The glass or ceramic filaments may be of woven, knitted or mat form in the fabric.
The ceramic filaments may comprise alumino-silicate material or alumino-boro-silicate material or zirconia.
The glass filaments may comprise glass fibres selected from E glass, C glass, R glass, S glass and modifications thereof.
The weight per unit area of the fabric may be generally not greater than 1 kg/m2 and may preferably be in the range from 50 to 300 g/m2.
The heating element may be supported on or adjacent to a base of insulation material, such as of microporous thermal insulation material. The insulation material may be provided in a dish-like support, such as of metal.
A peripheral wall of thermal insulation material may be provided for the heater. The at least one covering sheet of the fabric may be arranged to overlie an outer surface of the peripheral wall.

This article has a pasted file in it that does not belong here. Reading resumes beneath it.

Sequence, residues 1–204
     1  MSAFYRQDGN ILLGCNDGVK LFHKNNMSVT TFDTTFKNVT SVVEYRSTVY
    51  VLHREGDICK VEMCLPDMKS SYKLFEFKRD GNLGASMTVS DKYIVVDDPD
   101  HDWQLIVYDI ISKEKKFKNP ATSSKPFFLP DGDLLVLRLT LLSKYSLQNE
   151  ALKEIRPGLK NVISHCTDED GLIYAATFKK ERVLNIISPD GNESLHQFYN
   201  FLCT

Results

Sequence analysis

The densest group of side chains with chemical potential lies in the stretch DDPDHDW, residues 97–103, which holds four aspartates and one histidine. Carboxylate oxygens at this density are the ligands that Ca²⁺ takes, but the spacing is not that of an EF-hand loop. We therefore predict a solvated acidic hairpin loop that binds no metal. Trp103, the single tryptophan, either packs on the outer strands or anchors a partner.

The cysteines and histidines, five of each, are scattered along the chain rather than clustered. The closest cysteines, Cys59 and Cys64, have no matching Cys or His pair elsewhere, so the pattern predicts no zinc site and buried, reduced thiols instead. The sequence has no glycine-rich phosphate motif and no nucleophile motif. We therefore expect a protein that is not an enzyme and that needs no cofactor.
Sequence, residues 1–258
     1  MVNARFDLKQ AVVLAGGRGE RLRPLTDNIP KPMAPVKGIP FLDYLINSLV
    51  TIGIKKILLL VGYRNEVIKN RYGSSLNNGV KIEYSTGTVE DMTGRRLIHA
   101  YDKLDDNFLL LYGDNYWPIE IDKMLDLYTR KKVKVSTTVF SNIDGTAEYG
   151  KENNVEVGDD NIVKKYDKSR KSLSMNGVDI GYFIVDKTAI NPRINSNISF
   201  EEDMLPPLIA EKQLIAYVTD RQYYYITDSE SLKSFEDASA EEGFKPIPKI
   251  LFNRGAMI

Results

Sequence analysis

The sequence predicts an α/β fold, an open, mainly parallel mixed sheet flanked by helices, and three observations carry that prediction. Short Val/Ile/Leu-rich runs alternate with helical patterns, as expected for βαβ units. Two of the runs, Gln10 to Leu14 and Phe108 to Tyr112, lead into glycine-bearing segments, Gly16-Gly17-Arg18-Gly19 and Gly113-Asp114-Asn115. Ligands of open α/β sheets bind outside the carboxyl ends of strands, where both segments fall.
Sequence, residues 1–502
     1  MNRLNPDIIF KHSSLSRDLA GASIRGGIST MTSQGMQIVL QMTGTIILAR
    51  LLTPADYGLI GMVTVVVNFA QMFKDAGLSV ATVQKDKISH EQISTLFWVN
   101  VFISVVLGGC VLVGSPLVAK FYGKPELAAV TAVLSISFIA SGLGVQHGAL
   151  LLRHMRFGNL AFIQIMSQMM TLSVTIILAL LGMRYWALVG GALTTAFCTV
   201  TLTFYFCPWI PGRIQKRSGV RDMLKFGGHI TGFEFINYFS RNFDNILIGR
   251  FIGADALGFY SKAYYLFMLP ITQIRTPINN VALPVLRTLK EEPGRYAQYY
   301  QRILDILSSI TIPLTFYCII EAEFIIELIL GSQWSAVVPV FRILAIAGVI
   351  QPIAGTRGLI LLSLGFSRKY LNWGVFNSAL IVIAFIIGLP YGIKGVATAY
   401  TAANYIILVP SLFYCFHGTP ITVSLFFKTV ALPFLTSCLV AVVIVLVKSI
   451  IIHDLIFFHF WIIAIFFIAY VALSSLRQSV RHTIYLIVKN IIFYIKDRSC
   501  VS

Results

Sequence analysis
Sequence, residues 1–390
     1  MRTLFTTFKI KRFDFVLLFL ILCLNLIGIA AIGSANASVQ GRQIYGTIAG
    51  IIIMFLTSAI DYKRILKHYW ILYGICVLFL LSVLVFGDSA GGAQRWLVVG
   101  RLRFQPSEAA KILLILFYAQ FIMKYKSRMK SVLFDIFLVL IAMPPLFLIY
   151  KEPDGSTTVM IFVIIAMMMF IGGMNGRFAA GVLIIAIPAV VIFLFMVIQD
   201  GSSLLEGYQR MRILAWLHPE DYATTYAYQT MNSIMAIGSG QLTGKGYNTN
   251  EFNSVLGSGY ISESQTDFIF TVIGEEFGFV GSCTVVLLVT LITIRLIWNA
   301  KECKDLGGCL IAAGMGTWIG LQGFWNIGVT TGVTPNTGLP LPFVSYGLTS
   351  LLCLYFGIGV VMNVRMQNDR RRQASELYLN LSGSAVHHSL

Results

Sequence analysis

The heater may include one or more heating elements of wire, ribbon or lamp form.
An apertured member may be provided in contact with, or adjacent to, the at least one covering sheet of the fabric. For example, the apertured member may serve as a support for the at least one covering sheet and/or as an electrical screen when formed of electrically conductive material and/or as protection, for the heater. The apertured member may comprise a perforated sheet or a lattice arrangement, of metal, ceramic or other suitable refractory material.
The heater of the invention is particularly applicable to cooking appliances, such as grills, ovens especially microwave ovens, deep fat fryers. However it is also applicable in other applications, such as in space heating and in industrial thermal processing operations.